Wealthy Gambling Addict Sues UK Casino Over Huge Losses
Nora Al-Daher has gambled away as much as £7 million at various London casinos in a single evening alone.
Millionaire gambling addict Nora Al-Daher is suing London’s Ritz Club for allegedly encouraging her habit and losing £2 million in a single evening.
Al-Daher, the wife of Omani Foreign Minister Sayyid Badr bin Hamad bin Hamood Al-Busaidi, was initially the defendant in a suit lodged by the West End casino over an alleged debt of £1 million in checks that were not cleared by her bank. She refuted the Ritz’s accusation, stating that she eventually paid back part of the sum, and that gambling on credit is illegal.
At the time of the incident, Al-Daher reportedly went to the Ritz but did not want to play, making it clear to the staff there that she was a gambling addict and had posted significant losses elsewhere. The staff is alleged to have encouraged Al-Daher to play punto banco, a card game similar to baccarat, providing her with pre-written checks and extending her credit limit from £1.7 million to £2 million. Within a few hours, she had lost the entire £2 million.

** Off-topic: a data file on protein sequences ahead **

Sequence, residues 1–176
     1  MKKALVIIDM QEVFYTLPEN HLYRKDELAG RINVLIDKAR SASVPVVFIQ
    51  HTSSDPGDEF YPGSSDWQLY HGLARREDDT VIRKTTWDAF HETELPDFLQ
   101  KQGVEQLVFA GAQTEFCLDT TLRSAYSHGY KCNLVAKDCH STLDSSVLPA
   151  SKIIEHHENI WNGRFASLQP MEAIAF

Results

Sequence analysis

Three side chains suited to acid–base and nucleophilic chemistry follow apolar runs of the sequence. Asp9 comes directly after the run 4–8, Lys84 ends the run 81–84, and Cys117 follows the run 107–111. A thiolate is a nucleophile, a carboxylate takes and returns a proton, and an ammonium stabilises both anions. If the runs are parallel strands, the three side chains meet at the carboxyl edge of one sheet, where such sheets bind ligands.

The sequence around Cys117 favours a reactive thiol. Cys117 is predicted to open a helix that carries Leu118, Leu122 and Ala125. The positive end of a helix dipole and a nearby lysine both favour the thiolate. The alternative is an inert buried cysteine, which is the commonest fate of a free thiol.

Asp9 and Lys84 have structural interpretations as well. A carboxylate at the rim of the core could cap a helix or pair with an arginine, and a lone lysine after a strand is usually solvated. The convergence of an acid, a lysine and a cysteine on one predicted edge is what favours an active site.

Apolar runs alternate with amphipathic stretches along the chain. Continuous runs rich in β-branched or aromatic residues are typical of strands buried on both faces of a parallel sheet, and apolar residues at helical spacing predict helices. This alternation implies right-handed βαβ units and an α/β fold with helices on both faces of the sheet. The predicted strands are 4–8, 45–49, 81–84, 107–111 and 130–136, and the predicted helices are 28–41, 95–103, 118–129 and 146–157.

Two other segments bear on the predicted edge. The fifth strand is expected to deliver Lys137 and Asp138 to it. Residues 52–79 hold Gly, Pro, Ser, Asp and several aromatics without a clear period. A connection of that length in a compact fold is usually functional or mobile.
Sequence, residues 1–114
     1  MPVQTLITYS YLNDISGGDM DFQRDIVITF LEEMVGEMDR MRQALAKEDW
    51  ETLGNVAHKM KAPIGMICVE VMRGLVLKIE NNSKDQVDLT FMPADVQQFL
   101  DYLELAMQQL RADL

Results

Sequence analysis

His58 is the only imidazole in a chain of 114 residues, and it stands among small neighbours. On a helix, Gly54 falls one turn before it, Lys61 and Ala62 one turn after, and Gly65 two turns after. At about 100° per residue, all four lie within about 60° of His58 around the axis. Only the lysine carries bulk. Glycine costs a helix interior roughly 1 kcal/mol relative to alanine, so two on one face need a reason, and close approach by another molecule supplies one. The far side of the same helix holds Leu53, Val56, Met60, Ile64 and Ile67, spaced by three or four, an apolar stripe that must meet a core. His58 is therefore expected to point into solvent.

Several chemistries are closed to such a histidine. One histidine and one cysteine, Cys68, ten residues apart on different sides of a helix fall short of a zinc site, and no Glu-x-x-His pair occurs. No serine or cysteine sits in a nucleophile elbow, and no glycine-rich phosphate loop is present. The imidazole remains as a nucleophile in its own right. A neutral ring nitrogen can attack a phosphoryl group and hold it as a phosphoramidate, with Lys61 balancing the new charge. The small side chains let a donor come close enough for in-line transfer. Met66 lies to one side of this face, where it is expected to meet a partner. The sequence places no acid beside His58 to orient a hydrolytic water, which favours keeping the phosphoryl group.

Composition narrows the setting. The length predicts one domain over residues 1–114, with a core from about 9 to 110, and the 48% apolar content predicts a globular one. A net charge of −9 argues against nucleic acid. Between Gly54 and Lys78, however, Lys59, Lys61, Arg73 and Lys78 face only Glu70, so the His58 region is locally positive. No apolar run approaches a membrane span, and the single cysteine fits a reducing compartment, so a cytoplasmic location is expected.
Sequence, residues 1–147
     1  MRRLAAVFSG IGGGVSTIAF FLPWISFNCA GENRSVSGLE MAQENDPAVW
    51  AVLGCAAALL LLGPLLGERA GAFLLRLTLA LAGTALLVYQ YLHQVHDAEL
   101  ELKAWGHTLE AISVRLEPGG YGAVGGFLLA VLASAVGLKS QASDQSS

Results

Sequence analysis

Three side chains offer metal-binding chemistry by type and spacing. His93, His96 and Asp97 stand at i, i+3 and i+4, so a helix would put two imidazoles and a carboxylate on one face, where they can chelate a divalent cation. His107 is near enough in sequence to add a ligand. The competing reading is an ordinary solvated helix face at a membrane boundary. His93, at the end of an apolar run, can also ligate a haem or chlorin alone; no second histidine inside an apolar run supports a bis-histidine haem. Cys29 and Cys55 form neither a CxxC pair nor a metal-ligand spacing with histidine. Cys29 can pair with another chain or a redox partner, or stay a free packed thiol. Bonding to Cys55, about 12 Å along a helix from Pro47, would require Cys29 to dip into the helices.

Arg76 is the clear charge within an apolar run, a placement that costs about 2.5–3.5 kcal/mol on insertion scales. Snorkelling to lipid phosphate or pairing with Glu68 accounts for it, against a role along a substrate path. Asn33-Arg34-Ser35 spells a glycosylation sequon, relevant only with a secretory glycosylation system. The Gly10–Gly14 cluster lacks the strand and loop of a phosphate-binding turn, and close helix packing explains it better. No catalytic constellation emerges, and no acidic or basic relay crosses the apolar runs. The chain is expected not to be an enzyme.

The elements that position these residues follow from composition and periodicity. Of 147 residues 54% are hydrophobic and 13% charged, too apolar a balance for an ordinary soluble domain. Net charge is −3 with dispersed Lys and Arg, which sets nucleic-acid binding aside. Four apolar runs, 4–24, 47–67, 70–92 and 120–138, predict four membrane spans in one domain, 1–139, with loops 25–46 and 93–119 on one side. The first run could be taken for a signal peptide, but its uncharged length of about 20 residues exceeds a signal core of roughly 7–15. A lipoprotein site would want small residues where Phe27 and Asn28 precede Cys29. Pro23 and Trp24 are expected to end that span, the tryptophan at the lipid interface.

“I needed someone that night to tell me to stop playing and bring me to my senses," said Al-Daher. "If I had been told to stop, of course I would stop immediately. No one ever told me to…think about my gambling. They should have discouraged me, but instead they took advantage of me.”
The casino has denied the charges, stating that Al-Daher was under no pressure to place any bets. Clive Freedman QC, legal representative to the Ritz, also noted that Al-Daher had already paid half of her debt to the casino nine months prior to the suit without any complaints. “She was a very good customer,” said Ritz Club CEO Roger Maris. “There had been a very good history of paying. There was no thought in our mind that the checks were not going to get paid.”
Al-Daher claims to have been a gambling addict since 1999, but was unable to admit to herself that she had a serious problem. Between 1999 and 2012, she was a regular presence in London casinos, spending thousands and even millions of pounds in a single evening, including more than £7 million at the Ritz alone.